During World War II, Harry Reed was a flight engineer on a plane that was the equivalent of today’s Air Force II. His plane carrying Secret Service members flew about 20 minutes in front of the plane carrying the President and landed in time to give the Secret Service people adequate time to secure the area for the President and other dignitaries. His assignments included flying Eleanor Roosevelt after FDR died (The President’s body was moved by train). Reed’s plane flew the President and others to vital meetings at places like Yalta and Pottsdam, as well as making a flight to South America that gave the U.S. options for a possible new way to reach Japan by air. The plane also broke the round trip speed record to Paris. Harry Reed will tell you that is proud that he was able to serve his country and that he sees himself as being very lucky to have gotten the assignments he did.
Central Illinois World War II Stories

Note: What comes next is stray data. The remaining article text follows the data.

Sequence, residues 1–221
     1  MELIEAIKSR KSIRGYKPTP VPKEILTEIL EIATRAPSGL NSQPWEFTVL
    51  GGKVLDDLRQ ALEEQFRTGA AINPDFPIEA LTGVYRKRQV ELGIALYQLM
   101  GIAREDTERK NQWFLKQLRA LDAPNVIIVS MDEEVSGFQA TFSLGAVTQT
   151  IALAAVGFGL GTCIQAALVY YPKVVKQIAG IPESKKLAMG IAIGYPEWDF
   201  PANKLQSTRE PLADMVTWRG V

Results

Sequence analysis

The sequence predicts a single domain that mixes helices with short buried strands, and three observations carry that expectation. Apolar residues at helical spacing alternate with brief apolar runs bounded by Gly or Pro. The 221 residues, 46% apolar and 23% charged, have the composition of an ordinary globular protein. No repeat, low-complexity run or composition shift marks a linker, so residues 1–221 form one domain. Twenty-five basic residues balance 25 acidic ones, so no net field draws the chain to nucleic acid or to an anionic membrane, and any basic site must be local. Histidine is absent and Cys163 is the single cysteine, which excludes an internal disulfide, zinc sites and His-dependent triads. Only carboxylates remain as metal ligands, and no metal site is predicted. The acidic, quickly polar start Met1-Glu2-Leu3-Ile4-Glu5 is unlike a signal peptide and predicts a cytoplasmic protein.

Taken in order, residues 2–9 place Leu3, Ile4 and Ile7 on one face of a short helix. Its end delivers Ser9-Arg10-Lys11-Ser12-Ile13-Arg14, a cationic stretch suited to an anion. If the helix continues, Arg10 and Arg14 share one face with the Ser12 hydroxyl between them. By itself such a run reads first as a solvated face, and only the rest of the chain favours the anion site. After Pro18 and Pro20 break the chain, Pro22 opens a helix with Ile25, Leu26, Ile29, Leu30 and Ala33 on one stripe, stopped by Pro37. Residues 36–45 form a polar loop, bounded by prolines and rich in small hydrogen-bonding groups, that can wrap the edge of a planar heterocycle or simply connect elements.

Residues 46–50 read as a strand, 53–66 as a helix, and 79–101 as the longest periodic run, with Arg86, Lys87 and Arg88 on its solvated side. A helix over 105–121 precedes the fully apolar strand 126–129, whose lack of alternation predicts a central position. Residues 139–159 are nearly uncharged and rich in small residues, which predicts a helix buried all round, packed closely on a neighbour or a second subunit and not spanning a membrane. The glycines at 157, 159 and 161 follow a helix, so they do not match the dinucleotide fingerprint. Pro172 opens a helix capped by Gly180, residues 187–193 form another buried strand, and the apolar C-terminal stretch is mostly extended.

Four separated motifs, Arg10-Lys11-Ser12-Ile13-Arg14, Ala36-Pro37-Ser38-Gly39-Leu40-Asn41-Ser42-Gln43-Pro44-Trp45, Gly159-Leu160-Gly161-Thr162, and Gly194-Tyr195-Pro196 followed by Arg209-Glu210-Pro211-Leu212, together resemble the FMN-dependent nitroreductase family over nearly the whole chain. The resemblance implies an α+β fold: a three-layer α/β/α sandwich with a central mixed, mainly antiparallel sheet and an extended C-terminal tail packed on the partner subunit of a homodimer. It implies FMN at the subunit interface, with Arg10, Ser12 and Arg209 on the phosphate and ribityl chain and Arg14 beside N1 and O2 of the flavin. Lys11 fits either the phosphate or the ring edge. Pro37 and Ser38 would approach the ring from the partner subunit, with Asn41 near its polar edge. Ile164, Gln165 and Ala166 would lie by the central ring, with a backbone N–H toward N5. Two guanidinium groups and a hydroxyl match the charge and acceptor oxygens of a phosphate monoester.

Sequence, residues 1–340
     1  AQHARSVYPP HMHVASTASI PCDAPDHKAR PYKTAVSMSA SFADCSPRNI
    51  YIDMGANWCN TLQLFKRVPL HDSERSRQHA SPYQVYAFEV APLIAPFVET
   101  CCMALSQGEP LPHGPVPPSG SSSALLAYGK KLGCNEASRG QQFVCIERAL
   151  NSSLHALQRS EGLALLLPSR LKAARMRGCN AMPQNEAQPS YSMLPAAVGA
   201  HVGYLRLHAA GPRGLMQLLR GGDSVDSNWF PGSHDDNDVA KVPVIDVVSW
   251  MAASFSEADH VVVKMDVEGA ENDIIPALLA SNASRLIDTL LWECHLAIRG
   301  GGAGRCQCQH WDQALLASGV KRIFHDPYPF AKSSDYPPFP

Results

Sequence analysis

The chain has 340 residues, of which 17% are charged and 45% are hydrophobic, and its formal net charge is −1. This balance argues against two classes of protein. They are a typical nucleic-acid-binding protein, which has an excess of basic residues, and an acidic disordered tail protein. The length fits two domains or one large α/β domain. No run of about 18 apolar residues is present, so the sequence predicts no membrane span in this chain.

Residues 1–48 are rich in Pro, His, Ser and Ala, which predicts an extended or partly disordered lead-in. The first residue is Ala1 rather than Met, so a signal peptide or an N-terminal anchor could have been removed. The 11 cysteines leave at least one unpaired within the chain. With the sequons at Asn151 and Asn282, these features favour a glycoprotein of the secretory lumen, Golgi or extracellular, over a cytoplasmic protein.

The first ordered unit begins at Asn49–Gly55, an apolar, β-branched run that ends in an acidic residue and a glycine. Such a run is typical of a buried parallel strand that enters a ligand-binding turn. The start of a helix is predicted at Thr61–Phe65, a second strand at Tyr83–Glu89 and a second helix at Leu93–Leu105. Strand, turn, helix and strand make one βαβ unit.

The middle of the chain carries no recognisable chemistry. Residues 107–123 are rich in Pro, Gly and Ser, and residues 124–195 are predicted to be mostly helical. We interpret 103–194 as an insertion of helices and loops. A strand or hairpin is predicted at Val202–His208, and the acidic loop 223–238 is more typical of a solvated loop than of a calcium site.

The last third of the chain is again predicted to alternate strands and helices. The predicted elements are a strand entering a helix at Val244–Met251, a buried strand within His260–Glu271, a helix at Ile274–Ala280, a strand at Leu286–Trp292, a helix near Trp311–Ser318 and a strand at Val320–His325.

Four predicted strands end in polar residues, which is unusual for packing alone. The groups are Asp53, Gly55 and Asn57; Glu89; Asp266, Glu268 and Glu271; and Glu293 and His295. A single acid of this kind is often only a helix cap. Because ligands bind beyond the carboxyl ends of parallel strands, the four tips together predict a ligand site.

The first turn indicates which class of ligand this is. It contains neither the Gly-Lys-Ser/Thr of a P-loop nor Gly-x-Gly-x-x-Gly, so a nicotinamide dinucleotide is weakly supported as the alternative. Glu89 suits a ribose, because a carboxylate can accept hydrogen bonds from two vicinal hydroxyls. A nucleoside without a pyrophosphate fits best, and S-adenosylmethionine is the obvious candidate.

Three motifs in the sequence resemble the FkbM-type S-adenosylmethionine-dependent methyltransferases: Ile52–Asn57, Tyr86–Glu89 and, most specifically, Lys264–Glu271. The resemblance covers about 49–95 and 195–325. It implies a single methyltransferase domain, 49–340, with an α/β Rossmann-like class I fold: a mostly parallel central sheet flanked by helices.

Yuki Llewellyn spent three years during World War II interned at the Manzanar Assembly Center in California. Llewellyn and her 23-year-old single mother were evacuated from Little Tokyo in Los Angeles, to Manzanar in Lone Pine, Calif. The now famous 1942 National Archives photo, taken by Clem Albers and showing Yuki sitting on a suitcase in the train station, became representative of that period. A retired assistant dean of students at the University of Illinois, Llewellyn returned to Manzanar last fall for the first time since she and her mother left it in October 1945 with $25 and a pair of government-issued bus tickets. Producer Denise La Grassa talks to Llewellyn about living in Block 2 inside the internment camp where she shared a 20 x 20 room with her mother and another family.